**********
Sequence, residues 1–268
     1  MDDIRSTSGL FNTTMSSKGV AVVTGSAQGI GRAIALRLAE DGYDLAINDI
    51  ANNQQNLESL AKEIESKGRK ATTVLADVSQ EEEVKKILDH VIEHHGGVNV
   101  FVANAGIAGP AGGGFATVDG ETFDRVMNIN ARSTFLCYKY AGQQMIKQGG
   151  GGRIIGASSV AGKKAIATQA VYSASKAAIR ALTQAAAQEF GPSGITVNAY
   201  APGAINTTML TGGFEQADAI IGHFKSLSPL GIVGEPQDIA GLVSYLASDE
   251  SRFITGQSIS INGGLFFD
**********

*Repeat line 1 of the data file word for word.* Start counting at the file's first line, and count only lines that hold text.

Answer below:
Sequence, residues 1–268